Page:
The intricately detailed wooden facade, which can now be found in the V&A in South Kensington, was originally part of a three-and-half storey mansion which stood on the west side of Bishopsgate Without (that is, just outside the City of London’s walls).
It was built by Sir Paul Pindar, a wealthy merchant and diplomat who was knighted by King James I in 1620 (we’ll be featuring more of his story in an upcoming ‘Famous Londoners’ article).
He had purchased several properties in the street in 1597 and then incorporated these properties into a single mansion which also included a new section (of which the striking facade survives).
The house, which Shakespeare himself may well have walked past, was unusually large and sufficiently opulent that it served as the residence of Pietro Contarini, the Venetian ambassador, in 1617–18.
By 1660, it had been divided into smaller dwellings and, having survived the Great Fire of London, subsequently became a residence for the indigent. The front rooms on the ground floor, meanwhile, were turned into a tavern named the Sir Paul Pindar’s Head.
By the late 19th century, however, the nearby Liverpool Street Railway Station needed more room for expansion and, as a result, in 1890 the property was demolished to make space.
Part of the facade, however, was carefully dismantled (albeit some large sections, like the projecting carved window frames, were kept intact) and subsequently moved to the V&A where it was reassembled using carpenters’ marks on the wood.
The restored frontage (without the original glass and leading which was replaced in 1890) initially stood near the front of the museum but in the Noughties was delicately moved to where it now stands in the Medieval and Renaissance Galleries.
While the museum is currently closed as a result of coronavirus restrictions, we publish these details for when you can visit. Timed tickets can be booked for future dates here.
WHERE: Victoria and Albert Museum, Cromwell Road (nearest Tube stations are South Kensington and Gloucester Road); WHEN: Special – see above; COST: Free; WEBSITE: www.vam.ac.uk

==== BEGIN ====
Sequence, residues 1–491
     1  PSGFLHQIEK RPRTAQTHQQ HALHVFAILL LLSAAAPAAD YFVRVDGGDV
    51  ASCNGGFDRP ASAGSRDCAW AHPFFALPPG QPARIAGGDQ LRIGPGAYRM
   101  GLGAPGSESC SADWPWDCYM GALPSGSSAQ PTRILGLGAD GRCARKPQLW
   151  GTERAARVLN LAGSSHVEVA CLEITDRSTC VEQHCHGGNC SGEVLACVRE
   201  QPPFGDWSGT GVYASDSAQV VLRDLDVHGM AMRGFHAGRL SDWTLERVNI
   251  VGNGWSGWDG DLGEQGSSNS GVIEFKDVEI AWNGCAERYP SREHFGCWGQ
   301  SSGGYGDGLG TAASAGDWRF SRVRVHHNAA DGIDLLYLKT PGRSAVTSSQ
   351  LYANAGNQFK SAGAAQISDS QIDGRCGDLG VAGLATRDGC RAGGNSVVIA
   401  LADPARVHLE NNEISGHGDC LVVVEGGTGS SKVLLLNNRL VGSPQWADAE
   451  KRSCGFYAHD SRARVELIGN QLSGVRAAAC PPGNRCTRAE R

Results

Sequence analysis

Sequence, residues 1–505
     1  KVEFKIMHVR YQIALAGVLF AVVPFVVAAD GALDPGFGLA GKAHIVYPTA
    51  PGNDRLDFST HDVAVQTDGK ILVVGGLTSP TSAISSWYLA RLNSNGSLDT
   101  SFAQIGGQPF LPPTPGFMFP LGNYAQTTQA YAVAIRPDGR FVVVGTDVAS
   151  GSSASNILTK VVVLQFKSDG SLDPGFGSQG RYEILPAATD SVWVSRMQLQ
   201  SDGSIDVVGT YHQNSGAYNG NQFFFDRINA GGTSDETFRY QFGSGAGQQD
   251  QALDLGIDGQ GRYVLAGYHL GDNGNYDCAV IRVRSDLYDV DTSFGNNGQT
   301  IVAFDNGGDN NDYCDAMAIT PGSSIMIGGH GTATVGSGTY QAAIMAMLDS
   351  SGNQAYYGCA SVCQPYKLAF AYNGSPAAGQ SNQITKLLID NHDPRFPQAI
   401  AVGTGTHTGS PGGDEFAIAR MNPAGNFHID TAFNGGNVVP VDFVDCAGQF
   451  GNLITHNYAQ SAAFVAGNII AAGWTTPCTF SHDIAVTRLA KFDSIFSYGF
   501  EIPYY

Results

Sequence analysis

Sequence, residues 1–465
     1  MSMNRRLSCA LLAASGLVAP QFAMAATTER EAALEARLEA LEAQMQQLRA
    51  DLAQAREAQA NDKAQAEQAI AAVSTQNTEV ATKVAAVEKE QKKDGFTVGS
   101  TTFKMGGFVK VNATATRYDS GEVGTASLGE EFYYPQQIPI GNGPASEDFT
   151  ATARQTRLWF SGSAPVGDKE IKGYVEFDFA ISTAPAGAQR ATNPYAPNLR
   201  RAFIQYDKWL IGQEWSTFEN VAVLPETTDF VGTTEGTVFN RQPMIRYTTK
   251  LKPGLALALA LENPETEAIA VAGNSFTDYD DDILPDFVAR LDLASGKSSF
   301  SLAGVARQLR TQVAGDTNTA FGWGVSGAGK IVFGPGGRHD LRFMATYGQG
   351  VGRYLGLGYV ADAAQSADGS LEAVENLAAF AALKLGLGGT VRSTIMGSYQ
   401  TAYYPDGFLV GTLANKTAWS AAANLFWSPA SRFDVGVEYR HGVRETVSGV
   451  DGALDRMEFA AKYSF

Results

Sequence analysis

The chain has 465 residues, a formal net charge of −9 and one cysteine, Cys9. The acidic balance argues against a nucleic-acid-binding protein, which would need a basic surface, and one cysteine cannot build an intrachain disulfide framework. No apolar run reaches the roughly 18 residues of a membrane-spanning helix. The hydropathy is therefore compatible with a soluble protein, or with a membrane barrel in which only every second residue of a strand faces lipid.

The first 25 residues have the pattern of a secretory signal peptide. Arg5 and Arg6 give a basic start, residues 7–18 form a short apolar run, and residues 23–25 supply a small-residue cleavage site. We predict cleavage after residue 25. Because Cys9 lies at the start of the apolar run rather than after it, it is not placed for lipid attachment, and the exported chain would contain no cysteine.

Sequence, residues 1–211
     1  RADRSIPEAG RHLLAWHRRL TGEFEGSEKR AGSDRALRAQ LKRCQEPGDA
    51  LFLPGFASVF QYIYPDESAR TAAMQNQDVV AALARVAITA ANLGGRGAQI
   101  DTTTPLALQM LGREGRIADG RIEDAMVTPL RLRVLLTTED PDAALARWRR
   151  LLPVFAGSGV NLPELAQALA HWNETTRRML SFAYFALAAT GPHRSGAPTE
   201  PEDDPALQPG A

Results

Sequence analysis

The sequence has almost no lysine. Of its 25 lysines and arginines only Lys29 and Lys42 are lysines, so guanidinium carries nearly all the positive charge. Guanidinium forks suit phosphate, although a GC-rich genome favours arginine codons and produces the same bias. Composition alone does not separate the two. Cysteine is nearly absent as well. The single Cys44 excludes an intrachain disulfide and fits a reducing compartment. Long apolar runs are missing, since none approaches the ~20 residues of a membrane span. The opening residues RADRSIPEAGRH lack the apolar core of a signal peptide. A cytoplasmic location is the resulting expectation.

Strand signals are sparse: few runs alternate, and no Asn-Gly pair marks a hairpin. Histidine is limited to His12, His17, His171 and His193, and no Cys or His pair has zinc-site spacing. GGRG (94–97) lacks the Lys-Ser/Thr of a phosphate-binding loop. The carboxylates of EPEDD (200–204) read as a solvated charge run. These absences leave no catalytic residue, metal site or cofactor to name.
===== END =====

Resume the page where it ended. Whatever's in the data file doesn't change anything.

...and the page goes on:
Old Masters have been removed from the Picture Gallery at Buckingham Palace for the first time in almost 45 years to allow for essential maintenance works. The works, which include paintings by Titian, Rembrandt, Vermeer, Van Dyck and Canaletto, will be featured in a landmark new exhibition – Masterpieces from Buckingham Palace – which, featuring some 65 artworks in total, opens in the palace’s Queen’s Gallery on 4th December. They have been removed from the Picture Gallery – one of the palace’s State Room where Old Master paintings have hung since the reign of King George IV in the 1820s – over a period of four weeks to allow for building improvements which will include the replacement of electrics and pipework – some of which has not been updated since the 1940s – as well as the gallery’s roof. The refurbishment is part of a £370 million, 10 year refit programme being carried out at the palace due for completion in 2027.
• As controversy continues to swirl around the statue dedicated to Mary Wollstonecraft in Newington Green, another statue was unveiled in London this week – this time depicting two women pirates which some accounts say were lovers. The statue of Mary Read and Anne Bonny was unveiled at Execution Dock on the north bank of the Thames at Wapping – a site where pirates and smugglers were put to death for more than 400 years. Commissioned by audiobook company Audible to mark the release of a podcast, Hell Cats, a dramatic interpretation of the two women’s lives, the statue of Read and Bonny is the work of artist Amanda Cotton. Early next year it will be relocated to Burgh Island off the south Devon coast.